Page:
Formats not defined by IHE are thus registered as Affinity Domain specific codes. Cases where a JPEG or PNG mime-type is needing to be registered could be discussed within that Affinity Domain to understand the details on what kind of a document is actually being recorded. The Affinity Domain could decide that the JPEG or PNG file is appropriate to register as it has a specific value, and it would assign an Affinity Domain specific code to be used. It is likely that the Affinity Domain would assign a more specific code than the Mime-Type, as they would recognize the medical significance of the JPEG. Thus the Affinity Domain could recognize multiple JPEG files for various purposes (One could point out that this variance is better managed with typeCode and classCode).   This does not diminish the usefulness of mime-type, as often that is all the Document Consumer cares about.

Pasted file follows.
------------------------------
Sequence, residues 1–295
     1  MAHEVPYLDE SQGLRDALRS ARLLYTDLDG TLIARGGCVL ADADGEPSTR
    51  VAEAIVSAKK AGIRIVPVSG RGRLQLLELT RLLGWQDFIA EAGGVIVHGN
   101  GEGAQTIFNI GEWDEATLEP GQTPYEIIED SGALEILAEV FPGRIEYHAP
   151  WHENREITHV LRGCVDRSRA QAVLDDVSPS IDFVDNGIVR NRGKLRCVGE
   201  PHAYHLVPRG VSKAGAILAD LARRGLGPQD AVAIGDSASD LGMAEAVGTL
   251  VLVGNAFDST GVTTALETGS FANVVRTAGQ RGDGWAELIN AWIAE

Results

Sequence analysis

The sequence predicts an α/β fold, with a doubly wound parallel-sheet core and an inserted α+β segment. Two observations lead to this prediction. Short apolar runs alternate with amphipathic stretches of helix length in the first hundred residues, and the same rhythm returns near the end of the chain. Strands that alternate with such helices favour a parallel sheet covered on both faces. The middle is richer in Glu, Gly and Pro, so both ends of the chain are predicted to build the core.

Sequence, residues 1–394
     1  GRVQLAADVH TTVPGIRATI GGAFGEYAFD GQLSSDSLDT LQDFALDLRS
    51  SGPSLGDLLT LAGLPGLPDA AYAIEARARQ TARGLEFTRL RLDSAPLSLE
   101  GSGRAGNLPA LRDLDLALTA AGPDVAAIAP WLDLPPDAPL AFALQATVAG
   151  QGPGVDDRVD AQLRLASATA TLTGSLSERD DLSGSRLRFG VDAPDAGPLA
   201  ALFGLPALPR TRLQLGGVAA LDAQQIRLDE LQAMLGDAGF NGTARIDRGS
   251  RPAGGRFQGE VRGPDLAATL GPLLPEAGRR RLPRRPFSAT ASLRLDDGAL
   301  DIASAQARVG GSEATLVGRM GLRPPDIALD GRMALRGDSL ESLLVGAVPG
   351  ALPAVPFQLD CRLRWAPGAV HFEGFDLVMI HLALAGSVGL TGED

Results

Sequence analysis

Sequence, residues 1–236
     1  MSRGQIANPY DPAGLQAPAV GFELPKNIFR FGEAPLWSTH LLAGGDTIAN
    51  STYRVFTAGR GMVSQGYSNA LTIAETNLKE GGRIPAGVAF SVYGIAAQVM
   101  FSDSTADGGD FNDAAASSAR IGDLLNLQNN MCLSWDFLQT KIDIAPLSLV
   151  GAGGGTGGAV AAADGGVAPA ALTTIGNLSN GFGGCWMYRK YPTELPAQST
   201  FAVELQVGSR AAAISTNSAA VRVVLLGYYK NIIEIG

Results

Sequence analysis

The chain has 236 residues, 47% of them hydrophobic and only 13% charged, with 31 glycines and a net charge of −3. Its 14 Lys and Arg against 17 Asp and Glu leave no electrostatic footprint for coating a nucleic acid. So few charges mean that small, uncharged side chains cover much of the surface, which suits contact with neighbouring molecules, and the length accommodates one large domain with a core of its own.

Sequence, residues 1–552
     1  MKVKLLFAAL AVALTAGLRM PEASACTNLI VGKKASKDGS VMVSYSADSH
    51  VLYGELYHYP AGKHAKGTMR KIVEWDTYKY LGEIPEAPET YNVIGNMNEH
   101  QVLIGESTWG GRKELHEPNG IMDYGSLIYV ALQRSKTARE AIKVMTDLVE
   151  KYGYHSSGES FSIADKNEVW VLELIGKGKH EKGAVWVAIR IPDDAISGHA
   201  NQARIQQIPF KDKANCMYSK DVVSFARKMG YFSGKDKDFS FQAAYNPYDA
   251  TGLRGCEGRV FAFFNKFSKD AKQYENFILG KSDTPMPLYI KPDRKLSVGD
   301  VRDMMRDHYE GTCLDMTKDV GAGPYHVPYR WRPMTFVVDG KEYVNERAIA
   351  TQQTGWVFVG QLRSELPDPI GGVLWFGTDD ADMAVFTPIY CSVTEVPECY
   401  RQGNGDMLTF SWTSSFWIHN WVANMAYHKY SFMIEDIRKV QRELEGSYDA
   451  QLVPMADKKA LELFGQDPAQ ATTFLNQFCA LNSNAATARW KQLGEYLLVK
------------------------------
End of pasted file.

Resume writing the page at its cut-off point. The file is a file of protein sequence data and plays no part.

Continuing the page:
I am not sure IHE ever said that the Registry couldn't have been told that it's validation requirement for formatCode was to accept all codes (.*). We simply put in that it was required that validation rules would exist…

The question that triggered this post is one that asks for a general mechanism where the document is really not more distinguishable at the FormatCode level than is already defined by the mime-type. One alternative suggested is a blanket FormatCode (undifferentiated), a set of blanket FormatCodes (image, text, etc), or allowance to use mime-type as the FormatCode (which would need some codesystem). For example where the file is simply a picture from a phone-camera, a JPEG. Note that all the other metadata is useful and not in question, just not clear what to do with FormatCode.